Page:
`Red Hat to leverage India for global growth'
It's been a journey from `why should we' to `why not' for consumers, Javed Tapia tells Prerna K Mishraindia Updated: Feb 13, 2006 12:25 IST
The journey of open source in India is quite akin to that of liberalisation. Both started with apprehension and debate with only the more progressive adopting and accepting it first. But with time, the debate over their merits is over with experts now dabbling with how best to take them forward. "It's been a journey from `why should we' to `why not' for consumers," Red Hat India Subcontinent President Javed Tapia, whose company has a 65 per cent market share worldwide in development, deployment and management of Linux and open source solutions, told Prerna K Mishra in an interview.
How can we say open source and Linux have arrived in India?
The acceptance of open source is most visible in the banking and financial services sector in India. Conventionally, the robustness of a platform can be judged by whether or not enterprises are deploying it to handle transaction-based mission critical processes. If that be the litmus, the fact that four out of the five insurance companies in India and banks like Canara Bank, Allahabad Bank, Vijaya Bank have joined the Linux bandwagon, is the proof of the pudding for the Indian enterprises. UTI Bank is using the platform for its call centre operations. In a nutshell, it's the heart of enterprises that are sitting on open source now and Linux is not just one of those things sitting at the periphery.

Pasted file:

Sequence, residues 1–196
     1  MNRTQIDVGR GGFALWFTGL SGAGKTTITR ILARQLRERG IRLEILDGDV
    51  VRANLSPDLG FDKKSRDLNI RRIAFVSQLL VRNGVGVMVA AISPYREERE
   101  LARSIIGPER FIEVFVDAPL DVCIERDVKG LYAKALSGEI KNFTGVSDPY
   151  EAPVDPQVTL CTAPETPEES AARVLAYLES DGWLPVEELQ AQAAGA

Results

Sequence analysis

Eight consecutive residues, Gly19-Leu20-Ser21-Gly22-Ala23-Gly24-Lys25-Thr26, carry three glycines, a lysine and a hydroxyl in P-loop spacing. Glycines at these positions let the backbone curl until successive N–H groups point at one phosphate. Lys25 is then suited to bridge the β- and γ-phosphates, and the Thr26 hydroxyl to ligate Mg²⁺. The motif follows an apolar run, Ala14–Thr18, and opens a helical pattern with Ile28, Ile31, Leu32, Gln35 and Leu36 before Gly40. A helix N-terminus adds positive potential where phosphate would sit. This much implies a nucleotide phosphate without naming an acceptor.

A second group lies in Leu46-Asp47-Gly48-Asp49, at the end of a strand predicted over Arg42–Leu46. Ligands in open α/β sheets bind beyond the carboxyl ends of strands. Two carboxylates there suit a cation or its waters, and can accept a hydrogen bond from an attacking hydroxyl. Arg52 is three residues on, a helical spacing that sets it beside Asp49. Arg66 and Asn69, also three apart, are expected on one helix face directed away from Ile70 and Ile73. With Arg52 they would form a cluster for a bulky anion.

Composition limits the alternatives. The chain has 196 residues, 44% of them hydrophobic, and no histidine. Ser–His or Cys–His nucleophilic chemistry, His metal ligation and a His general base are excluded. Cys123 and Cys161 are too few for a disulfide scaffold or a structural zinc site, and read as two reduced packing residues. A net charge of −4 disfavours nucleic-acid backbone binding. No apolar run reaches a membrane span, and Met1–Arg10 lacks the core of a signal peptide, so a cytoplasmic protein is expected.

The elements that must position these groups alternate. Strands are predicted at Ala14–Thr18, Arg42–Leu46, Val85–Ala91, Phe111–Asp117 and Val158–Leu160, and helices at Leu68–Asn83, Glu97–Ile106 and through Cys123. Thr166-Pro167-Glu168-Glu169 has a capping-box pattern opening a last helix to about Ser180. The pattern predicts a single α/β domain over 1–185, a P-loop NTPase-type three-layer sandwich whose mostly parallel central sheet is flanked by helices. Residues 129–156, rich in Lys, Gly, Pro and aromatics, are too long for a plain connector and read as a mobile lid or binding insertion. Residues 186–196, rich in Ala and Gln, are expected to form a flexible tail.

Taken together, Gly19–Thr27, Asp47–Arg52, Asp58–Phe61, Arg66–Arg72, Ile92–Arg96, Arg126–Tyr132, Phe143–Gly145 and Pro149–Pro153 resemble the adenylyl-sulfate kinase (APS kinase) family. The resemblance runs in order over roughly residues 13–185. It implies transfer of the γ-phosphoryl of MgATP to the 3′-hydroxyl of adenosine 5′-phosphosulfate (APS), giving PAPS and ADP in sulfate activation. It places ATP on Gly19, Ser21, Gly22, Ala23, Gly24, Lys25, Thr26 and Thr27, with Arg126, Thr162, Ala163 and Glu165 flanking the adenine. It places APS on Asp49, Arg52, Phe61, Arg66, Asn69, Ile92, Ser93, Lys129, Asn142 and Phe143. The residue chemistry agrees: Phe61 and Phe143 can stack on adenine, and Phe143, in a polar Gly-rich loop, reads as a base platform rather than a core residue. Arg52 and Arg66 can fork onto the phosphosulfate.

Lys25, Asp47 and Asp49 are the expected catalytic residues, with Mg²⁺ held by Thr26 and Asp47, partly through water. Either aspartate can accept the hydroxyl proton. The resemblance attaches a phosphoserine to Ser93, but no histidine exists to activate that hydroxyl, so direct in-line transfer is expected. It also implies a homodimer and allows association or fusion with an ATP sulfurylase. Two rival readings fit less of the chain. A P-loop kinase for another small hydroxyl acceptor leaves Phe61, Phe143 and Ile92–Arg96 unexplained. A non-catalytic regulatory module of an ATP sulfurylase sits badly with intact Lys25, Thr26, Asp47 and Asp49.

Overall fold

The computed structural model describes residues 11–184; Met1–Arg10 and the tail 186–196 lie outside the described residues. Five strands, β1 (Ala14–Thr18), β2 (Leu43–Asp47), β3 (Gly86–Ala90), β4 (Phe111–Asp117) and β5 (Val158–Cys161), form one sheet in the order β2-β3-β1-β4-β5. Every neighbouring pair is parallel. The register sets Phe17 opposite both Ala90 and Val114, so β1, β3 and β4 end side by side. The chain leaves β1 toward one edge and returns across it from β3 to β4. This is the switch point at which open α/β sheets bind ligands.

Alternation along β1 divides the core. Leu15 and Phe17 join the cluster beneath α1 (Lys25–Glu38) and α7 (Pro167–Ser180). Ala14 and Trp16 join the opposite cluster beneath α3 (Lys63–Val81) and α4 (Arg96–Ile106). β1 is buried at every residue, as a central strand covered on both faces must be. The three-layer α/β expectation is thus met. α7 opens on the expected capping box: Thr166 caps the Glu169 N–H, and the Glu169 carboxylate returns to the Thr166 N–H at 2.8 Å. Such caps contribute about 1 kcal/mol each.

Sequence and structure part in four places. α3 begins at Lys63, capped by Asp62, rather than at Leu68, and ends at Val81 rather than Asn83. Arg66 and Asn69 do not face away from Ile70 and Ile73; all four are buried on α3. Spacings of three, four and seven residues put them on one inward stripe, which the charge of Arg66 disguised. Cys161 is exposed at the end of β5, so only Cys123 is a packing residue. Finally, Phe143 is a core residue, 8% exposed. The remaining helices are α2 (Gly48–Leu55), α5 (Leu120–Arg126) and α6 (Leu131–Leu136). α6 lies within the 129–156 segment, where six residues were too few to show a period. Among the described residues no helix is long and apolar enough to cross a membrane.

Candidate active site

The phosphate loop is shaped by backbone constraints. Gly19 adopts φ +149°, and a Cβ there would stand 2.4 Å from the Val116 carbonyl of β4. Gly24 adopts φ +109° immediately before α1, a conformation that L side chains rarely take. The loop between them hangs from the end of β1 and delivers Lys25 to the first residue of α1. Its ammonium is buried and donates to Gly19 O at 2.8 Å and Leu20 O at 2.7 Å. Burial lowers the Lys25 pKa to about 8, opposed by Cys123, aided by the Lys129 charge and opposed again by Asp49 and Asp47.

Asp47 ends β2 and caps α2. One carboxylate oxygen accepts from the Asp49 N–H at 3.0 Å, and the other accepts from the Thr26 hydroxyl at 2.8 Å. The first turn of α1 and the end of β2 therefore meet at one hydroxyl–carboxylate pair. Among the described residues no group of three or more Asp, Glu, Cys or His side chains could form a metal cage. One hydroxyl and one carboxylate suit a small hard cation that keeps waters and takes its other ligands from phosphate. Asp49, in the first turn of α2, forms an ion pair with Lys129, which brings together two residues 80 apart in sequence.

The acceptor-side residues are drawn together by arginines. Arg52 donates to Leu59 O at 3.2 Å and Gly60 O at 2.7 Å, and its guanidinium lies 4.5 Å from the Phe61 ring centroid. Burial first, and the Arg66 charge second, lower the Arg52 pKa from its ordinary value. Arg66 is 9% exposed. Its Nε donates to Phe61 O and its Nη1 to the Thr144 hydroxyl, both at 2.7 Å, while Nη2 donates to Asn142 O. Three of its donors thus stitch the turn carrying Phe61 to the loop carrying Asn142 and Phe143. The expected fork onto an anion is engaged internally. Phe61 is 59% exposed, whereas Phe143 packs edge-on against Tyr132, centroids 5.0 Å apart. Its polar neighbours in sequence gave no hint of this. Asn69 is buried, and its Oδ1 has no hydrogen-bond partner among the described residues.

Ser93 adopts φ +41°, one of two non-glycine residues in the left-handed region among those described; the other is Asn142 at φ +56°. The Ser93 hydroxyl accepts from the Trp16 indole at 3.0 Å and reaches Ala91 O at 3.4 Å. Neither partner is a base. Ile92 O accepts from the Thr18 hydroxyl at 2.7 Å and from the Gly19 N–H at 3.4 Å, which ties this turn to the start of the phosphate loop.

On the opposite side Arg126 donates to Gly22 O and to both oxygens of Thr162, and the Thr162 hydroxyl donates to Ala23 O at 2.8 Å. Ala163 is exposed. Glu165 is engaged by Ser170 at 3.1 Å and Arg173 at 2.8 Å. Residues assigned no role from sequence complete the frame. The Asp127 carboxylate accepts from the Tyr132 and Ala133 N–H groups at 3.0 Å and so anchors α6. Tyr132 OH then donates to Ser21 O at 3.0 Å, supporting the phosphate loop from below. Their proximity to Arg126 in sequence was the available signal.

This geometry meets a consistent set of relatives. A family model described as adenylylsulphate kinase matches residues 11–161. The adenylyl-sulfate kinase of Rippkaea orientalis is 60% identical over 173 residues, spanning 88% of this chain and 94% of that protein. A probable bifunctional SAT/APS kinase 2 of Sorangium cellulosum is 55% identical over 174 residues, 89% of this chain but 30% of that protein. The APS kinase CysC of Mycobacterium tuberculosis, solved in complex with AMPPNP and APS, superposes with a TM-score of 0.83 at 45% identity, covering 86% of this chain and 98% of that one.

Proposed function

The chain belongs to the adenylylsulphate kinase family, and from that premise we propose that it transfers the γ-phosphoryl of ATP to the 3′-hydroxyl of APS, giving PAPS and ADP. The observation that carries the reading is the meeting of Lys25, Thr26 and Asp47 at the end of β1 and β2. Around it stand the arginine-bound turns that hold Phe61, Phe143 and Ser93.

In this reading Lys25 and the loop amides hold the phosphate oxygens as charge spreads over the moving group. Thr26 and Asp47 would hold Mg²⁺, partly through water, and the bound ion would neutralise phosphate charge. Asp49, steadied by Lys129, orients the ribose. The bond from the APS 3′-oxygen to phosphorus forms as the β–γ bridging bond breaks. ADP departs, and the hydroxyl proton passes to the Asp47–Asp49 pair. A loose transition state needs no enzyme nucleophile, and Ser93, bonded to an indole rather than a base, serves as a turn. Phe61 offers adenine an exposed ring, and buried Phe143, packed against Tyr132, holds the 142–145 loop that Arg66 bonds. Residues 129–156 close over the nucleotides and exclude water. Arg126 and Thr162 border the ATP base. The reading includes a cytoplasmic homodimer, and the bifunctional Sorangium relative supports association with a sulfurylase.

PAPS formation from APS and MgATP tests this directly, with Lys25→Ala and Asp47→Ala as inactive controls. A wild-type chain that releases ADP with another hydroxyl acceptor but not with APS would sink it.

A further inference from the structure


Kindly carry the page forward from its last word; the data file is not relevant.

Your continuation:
After having established a foothold in the enterprise space, what would your focus for the Indian market be for the coming year?
There are two more things that need to be ironed out for proliferation of open source in India -- one is to tap the desktop space and the other is localisation. We already offer five languages and will be offering eight more by November this year. Simultaneously, we are creating a desktop ecosystem where the desktop can seamlessly port to a printer, scanner, browser or biometric devices.
How soon will we see more of SOHOs and edu cation sector migrate to Linux at the front end?
We are pretty much ready for the desktop environment in the enterprise and education space. LIC already has 25,000 Linux desktops today. Education is a special focus as the next generation of users are going to come from this sector. We do not want to offer this market on a platter to some proprietary platform with some 350 million kids becoming a captive audience for it. The next generation should have the option of choosing between open source and proprietary systems. For the small and home office segment we have some work to do so that they can easily port their applications on to the open source platform. We are also working with application developers and content developers to raise the level of business for the smaller enterprises.
How do you react to special regional pricing rolled out by competition?
We would like to believe that we have driven the market in a specific direction where the total cost of ownership for the end user had to be brought down by competition. But they still have a long way to go in providing the consumer an environment where the platform can be played around with ease to customise it according to the customer preferences.
What is the biggest challenge for Linux in India?
The biggest task at hand is to get the developer community in India interested in Linux. We have to keep them in the loop to do well not just domestically but to crack the global marketplace. Also given that people are ready to adopt Linux, we are under pressure to scale out in terms of development of newer applications, have a sales and marketing, and above all, a support infrastructure in place for the big time rollout. Training is a big area of focus and we are working with partners to constantly train and update them.
First Published: Feb 13, 2006 12:25 IST